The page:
The history of pandemics

Christian Ayers

COVID-19, the virus formerly known as 2019-nCoV, has been identified by several monikers since it’s outbreak at the end of 2019. Global scale pandemics historically manifest at least once every century, and many of these diseases gain notoriety by their societal impact and the names they are given.

As humans began to transition from nomadic hunter/gatherers into farming and settler lifestyles, people began to live in close proximity to each other. This allowed diseases to flourish in more dense communities, and eventually spread to other communities via trade routes and warfare. To clarify, one may use the word “plague” to describe these particular diseases, but plague is in fact a disease in itself caused by a bacteria known as Yersinia pestis.

The Antonine Plague is one of the earliest named pandemics and its impact began with the Huns in 165 A.D. The Huns soldiered over Asia and Europe but not before spreading a smallpox-esque virus that eventually reached the Roman empire. The disease was named after Roman emperor Marcus Aurelius – whose family name was Antoninus – as he was the ruling power at the time. The Antonine Plague killed roughly 5 million people between 165 and 180 A.D. Disease continued to ravage the Roman empire in 541 A.D. with yet another plague, the Justinian Plague. Yet again this disease is named after the ruling Roman emperor at the time, Justinian I, and this plague is responsible for at least 15 million deaths.

Of the more well-known pandemics across history, the Black Death is perhaps the most infamous and deadly. Though the numbers vary in reports, this wave of plague was responsible for the deaths of at least 25 to 30 million people in Europe alone. The Black Death went by many names during its run, including: the Bubonic Plague, Pestilence, and the Great Mortality. This plague earned its name due to the growth of gangrene on victims, dyeing their skin black, especially on their fingertips. Plagues continued to break out in each century afterwards, and were called the Great Plagues during the 17th and 18th centuries.

Fast-forward to the 1800s, when imperialistic conquest spurred the spread of many diseases to many remote geographical locations. Fiji for example was slammed with a measles outbreak after British royals carried the disease from Australia. After the royals returned to the island, the disease spread to Fiji leaders and then to their constituents, killing 40,000 people and wiping out entire villages.

The end of the 1800s saw the rise of Yellow Fever as well as the first well-known appearance of the influenza virus. Yellow Fever earned its namesake due to symptoms that cause liver damage, which causes an infected person’s skin to turn yellow. Mosquitoes spread the disease to humans, and the disease is particularly dangerous because the early symptoms are similar to many other diseases. Yellow Fever is still prevalent today, with recent outbreaks in 2013 and 2008.

Influenza, more commonly known as the flu, first made its mark as an international pandemic in eastern Europe and Russia in 1890. The Russian Flu, or Russian epidemic, likely originated in Kazakhstan or Siberia and spread to the rest of Europe, Africa and eventually North America. The official name of this particular flu subtype “Influenza A virus subtype H2N2”, although reports of what the actual flu strain was were not conclusive at the time.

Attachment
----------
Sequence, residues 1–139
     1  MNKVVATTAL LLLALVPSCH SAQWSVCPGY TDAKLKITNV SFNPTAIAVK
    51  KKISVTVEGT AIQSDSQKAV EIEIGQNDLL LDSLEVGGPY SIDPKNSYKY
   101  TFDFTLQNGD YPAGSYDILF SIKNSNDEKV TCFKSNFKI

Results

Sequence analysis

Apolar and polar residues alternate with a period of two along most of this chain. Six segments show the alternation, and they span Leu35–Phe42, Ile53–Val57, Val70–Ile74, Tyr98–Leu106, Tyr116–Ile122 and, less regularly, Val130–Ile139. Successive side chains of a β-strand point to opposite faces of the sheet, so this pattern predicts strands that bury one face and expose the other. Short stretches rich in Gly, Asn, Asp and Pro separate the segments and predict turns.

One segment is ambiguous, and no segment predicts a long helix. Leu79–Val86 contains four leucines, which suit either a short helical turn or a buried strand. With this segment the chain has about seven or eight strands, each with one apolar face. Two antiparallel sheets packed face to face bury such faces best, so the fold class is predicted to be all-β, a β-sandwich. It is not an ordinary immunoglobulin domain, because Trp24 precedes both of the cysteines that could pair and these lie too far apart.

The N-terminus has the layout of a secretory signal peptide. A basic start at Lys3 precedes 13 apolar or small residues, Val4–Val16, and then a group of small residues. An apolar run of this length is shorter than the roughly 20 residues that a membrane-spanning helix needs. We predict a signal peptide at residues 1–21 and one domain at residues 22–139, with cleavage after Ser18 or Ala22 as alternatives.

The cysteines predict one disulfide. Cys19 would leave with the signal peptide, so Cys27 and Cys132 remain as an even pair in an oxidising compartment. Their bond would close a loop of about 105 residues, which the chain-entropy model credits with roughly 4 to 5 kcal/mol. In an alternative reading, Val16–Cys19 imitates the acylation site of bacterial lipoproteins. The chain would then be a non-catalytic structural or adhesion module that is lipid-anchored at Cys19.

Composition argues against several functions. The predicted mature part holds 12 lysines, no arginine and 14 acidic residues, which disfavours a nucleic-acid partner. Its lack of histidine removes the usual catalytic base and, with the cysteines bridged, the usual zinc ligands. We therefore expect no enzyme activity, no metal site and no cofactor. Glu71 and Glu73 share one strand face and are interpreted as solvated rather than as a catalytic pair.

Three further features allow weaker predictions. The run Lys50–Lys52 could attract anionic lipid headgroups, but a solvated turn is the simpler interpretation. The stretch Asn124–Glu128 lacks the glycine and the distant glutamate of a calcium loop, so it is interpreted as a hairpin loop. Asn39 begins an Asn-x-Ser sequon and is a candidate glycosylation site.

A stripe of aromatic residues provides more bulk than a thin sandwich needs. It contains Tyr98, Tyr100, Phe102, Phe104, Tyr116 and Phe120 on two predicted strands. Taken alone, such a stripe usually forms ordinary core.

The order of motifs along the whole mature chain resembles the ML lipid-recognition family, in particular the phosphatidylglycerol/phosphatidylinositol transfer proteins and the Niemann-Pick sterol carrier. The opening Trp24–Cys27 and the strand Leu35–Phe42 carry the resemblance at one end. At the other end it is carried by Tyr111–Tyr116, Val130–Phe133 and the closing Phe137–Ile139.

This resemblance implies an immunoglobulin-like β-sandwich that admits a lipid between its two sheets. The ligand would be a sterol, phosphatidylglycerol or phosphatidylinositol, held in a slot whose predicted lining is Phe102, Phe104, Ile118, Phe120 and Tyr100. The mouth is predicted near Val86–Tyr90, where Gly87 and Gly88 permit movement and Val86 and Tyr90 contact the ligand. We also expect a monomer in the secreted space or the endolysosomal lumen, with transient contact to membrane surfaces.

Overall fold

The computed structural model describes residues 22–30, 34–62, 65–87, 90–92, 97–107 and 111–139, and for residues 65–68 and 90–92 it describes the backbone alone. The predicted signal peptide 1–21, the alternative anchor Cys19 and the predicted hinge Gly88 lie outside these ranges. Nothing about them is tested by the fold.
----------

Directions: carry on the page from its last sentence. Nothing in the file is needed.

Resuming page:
Another flu outbreak with a misleading nickname was the Spanish Flu. Contrary to its title, Spanish Flu didn’t conclusively arise from Spain, but early reports state the disease was found in the United States within military personnel in the spring of 1918. Early censorship of press reports prevented publications from producing factual news about the reality of the disease. The death of an ill Spanish monarch – and Spain’s neutrality in the war – resulted in news outlets and, by proxy, citizens en masse to believe the disease came from Spain, which was simply not true or backed up with any evidence.

The problematic naming of flu strains continued in the 1950s in China and Hong Kong. These strains of flu – H2N2 and H3N2 – were unfortunately named after the areas where they originated, a practice that continues to present political and societal issues to this day. Regardless, these influenza strains all stem from one underlying virus people everywhere know as the flu.

In more contemporary history, the status quo now knows what coronavirus is, but even that is an umbrella term for a group of viruses that affect avian creatures as well as mammals, including whales. No, it’s not named after a beer — the word “corona” comes from the latin word for “halo” or more literally “crown,”, and refers to the shape of the virus’s particles. Before COVID-19, SARS – Severe Acute Respiratory Syndrome was the last coronavirus to reach global proportions, killing 774 people from 2002 to 2004. About a decade later in 2012, MERS – Middle East Respiratory Syndrome – arose and was known also as camel flu as many believed camels were the primary carrier of the disease which killed over 900 people and has been active as recently as 2019.

COVID-19 has had a profound impact on the world, and there are still many misconceptions about the deadly virus. A distinction about the actual name of the virus might make more things confusing as COVID-19 is the name of the disease caused by the virus – which is officially titled SARS-CoV-2. Regardless, government and health officials have a responsibility to the people in providing facts and pertinent information about pandemics and the reality of the problems they’ve caused throughout history.


For more information or news tips, or if you see an error in this story or have any compliments or concerns, contact [email protected].